Game-based learning (GBL) is a seemingly simple concept – learning through the use of games.
But wait, let’s look a little closer. Most people see the term “game-based learning” and think of students playing some sort of educational computer game. But, there’s more to GBL than just that.
Let’s take a look at GBL in terms of the game and pedagogical considerations:
- Games can be digital (e.g., videogame or computer game) or non-digital (e.g., board game)
- Games can be of different types or genres (e.g., role-playing games or simulations)
- Games can be played on different platforms (e.g., videogame consoles, computers, mobile devices, paper and pencil)
- Games can take place in different environments (e.g., classrooms or workspaces, computer-based 3D worlds, transmedia)
- Games can be designed to be played by individuals or multiple players
- Consider how content and/or skills can be better learned via GBL vs. traditional methods
- Consider using game mechanics in the learning system, such as using levels instead of grades (i.e., gamification of the learning process)
- Consider having students create their own games in order to learn content and/or skills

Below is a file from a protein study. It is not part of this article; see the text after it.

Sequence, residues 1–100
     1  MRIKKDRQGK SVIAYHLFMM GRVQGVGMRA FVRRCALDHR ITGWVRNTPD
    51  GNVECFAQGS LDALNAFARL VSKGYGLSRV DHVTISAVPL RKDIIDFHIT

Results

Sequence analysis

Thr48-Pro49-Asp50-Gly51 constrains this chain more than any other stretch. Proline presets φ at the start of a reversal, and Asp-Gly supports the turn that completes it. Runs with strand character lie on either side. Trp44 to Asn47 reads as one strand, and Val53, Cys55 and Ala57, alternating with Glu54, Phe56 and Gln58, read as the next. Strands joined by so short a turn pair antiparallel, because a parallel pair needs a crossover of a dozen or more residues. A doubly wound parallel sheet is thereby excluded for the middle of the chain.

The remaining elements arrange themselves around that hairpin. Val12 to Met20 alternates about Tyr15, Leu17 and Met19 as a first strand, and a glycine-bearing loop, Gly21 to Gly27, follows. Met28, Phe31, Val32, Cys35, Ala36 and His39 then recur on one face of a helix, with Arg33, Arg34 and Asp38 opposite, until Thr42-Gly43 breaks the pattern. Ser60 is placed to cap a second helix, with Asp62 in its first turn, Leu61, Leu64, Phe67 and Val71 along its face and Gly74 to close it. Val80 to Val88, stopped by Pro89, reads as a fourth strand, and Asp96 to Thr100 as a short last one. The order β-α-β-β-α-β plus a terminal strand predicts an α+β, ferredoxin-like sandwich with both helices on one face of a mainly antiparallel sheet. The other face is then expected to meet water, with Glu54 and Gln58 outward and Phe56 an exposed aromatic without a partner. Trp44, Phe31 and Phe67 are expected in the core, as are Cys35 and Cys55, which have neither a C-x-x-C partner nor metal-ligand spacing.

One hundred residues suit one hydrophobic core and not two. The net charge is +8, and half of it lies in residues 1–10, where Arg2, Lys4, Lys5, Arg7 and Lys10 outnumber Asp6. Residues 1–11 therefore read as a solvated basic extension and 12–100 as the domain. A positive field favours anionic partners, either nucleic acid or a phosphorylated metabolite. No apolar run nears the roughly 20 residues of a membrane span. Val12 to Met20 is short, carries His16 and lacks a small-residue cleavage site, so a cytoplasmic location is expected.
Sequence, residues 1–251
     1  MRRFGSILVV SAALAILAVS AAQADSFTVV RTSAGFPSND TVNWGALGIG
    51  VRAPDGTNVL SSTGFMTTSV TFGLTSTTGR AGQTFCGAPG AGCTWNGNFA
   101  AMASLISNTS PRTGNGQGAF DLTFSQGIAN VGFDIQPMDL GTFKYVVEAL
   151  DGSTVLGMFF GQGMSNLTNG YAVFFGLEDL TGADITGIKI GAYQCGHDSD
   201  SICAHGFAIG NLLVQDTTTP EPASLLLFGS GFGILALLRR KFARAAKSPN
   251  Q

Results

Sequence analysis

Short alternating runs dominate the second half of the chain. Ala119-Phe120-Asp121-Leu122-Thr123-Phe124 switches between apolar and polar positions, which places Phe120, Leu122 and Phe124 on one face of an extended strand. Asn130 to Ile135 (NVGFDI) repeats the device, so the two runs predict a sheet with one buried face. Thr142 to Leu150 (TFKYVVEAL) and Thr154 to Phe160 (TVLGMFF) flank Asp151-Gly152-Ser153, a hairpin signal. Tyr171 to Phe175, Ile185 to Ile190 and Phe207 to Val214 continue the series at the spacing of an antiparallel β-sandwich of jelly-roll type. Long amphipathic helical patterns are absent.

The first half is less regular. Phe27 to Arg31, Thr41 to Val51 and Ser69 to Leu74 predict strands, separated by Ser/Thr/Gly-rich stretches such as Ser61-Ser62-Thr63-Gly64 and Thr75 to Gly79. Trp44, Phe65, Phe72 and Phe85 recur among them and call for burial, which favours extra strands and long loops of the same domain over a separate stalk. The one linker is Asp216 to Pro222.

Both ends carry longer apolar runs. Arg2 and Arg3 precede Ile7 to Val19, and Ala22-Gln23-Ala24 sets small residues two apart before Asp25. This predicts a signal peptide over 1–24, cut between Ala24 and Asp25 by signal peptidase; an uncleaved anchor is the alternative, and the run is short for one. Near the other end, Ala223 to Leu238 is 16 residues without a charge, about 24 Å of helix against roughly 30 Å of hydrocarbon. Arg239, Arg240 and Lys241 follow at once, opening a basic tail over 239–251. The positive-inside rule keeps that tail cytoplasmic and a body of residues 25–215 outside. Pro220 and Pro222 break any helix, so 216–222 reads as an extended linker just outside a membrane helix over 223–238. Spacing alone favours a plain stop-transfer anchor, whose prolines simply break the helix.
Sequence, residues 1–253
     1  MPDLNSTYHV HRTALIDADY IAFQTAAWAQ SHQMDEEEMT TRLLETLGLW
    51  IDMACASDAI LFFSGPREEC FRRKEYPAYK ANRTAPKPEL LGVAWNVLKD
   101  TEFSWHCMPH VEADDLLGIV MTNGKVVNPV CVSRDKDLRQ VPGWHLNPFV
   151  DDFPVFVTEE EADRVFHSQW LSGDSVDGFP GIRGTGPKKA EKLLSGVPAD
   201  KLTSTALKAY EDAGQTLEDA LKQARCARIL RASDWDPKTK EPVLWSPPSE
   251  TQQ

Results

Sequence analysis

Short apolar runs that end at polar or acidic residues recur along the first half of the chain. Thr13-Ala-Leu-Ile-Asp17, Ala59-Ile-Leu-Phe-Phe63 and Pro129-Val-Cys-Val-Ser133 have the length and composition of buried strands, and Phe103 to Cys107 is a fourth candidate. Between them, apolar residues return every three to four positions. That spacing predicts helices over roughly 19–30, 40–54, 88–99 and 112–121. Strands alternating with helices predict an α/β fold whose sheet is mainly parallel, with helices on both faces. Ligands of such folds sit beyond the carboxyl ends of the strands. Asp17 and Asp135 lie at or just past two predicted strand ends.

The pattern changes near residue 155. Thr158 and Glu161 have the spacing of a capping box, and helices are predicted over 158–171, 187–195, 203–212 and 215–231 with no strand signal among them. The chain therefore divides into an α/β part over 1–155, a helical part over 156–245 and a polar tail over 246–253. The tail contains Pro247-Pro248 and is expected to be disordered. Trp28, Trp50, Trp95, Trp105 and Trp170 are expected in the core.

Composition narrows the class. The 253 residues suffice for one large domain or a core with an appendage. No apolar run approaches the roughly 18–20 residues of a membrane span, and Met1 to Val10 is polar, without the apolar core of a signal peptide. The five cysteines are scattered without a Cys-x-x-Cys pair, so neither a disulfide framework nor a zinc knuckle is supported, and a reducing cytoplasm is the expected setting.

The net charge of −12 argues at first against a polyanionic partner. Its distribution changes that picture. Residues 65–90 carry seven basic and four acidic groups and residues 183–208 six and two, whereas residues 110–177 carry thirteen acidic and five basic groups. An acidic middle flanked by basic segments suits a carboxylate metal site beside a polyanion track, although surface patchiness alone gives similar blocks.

In Jane McGonigal’s book Reality Is Broken (which I highly recommend reading), she defines a game as an activity that has goals, rules, a feedback system, and voluntary participation.
In addition to the considerations above, we need to look at these characteristics of games to question how they can affect potential learning outcomes:
- Goals – how does the game match its goals for the players with the learning objectives?
- Rules – how do the rules affect the assessment and learning outcomes?
- Feedback System – is there good formative assessment feedback built-in to the game that will help both learner and teacher?
- Voluntary Participation – if students are forced to play a game, it may become less of a game and more like work, so is the game engaging enough to motivate students to play the game voluntarily?
Some definitions of a game also include “conflict” as another characteristic, so another question educators need to ask is:
- Conflict – does the level of conflict in the game promote or detract from the learning?
Games will undoubtedly evolve in the future and therefore GBL will also need to evolve. Today, we are seeing new types of gaming, such as alternate reality games and social/mobile games, and we are also seeing new, innovative ways to use GBL.
Who knows what the future will hold with new games and GBL? It’s an exciting time for all of us interested GBL and its current and future role in education, don’t you think?